I was having a discussion today about URLs and associated behaviors with a colleague who works with many of our international subsidiaries. In the course of the conversation, we came to the topic of IP reverse lookup and it’s pros/cons for geo-detection and content routing. In the past, we’ve used this technique as a last ditch effort to try and route a user to the most relevant possible version of a site or page (by last ditch, I mean to say that there’s no info provided by the URL, by user preferences, or by browser headers). However, my colleague had some general concerns about using it at all – a couple reasons were:
- Geo-detection systems based on IP addresses tend to have problems with accuracy as the result of things like proxy servers
- We’re making a decision based on information about you that you are not able to control (unlike something like your browser language or any other HTTP header)
We talked through several different scenarios, including user scenarios like that of a business traveler who may want to see content in his language but see local events for the region in which he is traveling. We also talked through several of the different geo-political scenarios where users in a country may speak the same language as users in another country, but should never be automatically directed to the site of that other country for legal reasons.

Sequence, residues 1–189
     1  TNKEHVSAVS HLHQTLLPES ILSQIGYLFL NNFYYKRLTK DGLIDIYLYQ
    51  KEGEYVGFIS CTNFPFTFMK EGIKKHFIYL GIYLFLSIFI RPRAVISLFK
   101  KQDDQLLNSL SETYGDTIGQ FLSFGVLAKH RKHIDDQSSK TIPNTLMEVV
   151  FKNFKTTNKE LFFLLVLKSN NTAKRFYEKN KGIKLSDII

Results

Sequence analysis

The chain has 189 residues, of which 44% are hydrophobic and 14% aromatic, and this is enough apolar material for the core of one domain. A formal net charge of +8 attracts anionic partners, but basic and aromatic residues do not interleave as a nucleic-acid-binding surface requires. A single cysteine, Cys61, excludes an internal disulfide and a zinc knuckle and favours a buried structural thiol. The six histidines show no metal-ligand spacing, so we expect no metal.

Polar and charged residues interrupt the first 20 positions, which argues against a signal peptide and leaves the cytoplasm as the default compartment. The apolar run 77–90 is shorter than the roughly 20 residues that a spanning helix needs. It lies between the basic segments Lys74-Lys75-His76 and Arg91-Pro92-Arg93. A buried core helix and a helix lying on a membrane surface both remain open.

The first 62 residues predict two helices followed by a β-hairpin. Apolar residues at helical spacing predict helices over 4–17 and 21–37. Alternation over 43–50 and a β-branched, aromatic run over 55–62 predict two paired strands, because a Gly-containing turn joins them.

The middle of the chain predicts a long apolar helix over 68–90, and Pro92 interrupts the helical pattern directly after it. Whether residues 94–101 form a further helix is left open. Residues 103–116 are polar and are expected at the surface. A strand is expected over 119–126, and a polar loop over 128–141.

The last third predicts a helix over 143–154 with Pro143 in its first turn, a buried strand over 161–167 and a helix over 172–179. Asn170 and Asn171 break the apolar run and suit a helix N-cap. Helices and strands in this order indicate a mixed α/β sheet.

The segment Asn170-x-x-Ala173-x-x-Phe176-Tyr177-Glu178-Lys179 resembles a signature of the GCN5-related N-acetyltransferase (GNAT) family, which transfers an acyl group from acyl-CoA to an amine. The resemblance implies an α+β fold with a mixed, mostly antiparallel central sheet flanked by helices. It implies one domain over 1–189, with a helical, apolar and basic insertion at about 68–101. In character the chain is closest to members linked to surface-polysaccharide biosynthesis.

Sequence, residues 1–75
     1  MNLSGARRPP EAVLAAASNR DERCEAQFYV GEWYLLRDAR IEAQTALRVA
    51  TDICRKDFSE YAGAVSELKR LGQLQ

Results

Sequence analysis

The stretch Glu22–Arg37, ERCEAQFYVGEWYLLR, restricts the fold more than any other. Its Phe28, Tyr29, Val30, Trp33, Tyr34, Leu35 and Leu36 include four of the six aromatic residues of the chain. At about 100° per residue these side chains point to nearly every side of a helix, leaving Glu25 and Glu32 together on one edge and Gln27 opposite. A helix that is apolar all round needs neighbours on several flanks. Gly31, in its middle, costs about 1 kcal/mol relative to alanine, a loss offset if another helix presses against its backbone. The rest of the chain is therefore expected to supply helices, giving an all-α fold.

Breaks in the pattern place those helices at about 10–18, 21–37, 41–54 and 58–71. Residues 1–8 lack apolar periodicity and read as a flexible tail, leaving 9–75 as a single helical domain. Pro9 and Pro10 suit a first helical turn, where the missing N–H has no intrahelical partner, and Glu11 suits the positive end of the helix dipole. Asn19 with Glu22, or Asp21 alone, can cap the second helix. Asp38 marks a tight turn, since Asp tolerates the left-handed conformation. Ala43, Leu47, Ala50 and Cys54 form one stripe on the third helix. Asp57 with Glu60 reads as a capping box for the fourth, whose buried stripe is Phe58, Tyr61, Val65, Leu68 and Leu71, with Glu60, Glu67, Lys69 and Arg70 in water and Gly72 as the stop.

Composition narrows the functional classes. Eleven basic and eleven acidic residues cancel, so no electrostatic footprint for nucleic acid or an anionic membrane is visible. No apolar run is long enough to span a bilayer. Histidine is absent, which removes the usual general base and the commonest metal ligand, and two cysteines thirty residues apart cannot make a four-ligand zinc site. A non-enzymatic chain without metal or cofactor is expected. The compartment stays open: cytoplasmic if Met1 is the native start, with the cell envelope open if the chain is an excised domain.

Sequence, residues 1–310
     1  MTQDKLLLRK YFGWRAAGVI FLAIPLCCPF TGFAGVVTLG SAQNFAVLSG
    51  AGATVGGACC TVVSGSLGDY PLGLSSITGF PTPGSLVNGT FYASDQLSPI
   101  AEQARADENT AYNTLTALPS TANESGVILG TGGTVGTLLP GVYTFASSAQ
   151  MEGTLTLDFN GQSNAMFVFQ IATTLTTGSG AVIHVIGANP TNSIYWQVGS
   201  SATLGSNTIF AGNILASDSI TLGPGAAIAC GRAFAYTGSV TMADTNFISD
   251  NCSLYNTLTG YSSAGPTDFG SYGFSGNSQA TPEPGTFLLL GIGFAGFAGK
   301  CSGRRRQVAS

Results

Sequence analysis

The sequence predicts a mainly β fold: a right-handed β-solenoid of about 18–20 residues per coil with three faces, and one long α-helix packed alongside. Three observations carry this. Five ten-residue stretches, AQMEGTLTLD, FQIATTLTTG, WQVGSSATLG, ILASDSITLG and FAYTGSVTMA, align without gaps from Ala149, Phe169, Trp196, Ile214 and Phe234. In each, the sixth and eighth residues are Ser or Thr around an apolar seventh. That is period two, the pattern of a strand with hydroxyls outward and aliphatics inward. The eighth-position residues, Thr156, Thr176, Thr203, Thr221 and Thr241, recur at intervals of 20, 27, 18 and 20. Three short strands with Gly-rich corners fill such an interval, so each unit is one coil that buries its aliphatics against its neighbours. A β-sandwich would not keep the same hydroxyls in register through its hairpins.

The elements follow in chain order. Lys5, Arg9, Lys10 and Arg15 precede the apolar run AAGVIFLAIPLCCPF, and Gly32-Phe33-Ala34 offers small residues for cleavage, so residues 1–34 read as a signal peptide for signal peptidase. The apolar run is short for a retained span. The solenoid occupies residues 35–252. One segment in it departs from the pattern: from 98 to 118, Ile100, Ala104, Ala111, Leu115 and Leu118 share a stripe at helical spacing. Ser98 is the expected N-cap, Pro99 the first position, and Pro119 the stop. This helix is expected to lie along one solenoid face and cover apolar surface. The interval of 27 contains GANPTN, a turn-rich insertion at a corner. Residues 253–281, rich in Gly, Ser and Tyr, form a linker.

In the end, the question came down to whether or not we should use any form of implicit user context to make any kind of default content routing decision (e.g. browser lang or geo-detection). Making the choice explicit would certainly disambiguate the Web site’s behavior for users, though it would also add a step for first time visitors.
What are your thoughts/experiences in this area? Any good pointers to articles/reference that helped?